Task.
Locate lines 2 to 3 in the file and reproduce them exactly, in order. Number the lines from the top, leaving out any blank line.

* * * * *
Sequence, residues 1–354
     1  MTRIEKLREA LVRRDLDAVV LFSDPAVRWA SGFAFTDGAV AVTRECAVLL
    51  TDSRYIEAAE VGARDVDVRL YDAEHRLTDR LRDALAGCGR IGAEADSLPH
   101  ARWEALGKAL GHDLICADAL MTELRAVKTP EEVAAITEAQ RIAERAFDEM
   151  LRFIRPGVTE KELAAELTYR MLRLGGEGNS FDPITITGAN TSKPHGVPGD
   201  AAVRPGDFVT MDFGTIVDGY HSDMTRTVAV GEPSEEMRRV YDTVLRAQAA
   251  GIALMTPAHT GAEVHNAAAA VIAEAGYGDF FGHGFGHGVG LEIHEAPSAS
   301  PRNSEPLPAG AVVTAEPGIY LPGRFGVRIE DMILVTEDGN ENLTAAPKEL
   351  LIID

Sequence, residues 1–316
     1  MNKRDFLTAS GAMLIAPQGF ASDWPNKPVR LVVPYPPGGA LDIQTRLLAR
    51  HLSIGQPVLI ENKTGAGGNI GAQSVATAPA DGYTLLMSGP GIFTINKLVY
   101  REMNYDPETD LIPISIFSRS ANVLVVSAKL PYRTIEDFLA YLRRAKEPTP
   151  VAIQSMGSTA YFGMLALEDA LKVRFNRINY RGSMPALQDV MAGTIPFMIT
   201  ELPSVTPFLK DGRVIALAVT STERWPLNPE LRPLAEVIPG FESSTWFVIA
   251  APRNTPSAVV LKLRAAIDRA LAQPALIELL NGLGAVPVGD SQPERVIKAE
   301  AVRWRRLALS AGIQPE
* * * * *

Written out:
     1  MTRIEKLREA LVRRDLDAVV LFSDPAVRWA SGFAFTDGAV AVTRECAVLL
    51  TDSRYIEAAE VGARDVDVRL YDAEHRLTDR LRDALAGCGR IGAEADSLPH